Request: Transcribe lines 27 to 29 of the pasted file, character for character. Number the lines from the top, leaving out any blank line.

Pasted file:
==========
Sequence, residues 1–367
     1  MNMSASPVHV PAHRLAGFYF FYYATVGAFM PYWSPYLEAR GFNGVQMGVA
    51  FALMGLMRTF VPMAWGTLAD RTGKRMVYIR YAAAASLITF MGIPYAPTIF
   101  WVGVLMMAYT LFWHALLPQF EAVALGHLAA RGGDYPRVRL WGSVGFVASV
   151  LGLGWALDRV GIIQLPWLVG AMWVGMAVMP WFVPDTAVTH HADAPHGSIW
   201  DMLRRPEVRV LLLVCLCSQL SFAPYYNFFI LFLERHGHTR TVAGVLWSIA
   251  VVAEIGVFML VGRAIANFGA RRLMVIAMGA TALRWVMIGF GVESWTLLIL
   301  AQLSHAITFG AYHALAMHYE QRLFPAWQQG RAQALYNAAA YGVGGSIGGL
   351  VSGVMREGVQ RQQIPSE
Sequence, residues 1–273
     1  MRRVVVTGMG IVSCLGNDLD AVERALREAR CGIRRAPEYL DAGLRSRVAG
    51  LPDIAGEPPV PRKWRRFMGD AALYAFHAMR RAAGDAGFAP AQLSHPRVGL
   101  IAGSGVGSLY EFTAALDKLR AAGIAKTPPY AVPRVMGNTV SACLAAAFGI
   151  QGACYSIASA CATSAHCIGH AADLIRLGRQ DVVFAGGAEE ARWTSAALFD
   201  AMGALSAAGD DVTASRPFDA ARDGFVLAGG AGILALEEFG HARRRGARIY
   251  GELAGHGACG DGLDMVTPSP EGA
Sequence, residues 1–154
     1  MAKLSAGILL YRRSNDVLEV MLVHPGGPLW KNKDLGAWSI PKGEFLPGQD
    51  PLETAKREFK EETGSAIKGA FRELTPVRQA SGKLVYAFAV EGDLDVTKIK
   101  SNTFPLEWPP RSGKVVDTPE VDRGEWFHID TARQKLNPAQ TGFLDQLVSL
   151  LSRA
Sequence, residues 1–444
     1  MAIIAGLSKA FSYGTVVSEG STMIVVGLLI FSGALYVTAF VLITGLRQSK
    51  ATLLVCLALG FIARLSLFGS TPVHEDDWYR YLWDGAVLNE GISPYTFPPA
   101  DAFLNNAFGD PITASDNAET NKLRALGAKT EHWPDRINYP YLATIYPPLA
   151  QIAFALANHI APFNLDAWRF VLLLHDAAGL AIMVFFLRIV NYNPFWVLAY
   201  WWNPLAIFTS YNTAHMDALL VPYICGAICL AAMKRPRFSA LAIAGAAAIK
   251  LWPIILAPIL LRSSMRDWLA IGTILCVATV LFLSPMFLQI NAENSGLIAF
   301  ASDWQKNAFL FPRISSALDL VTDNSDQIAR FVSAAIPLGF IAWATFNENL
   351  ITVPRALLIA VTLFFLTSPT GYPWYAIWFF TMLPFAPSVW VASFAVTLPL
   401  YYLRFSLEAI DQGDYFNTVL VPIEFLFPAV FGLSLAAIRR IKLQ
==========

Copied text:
   201  WWNPLAIFTS YNTAHMDALL VPYICGAICL AAMKRPRFSA LAIAGAAAIK
   251  LWPIILAPIL LRSSMRDWLA IGTILCVATV LFLSPMFLQI NAENSGLIAF
   301  ASDWQKNAFL FPRISSALDL VTDNSDQIAR FVSAAIPLGF IAWATFNENL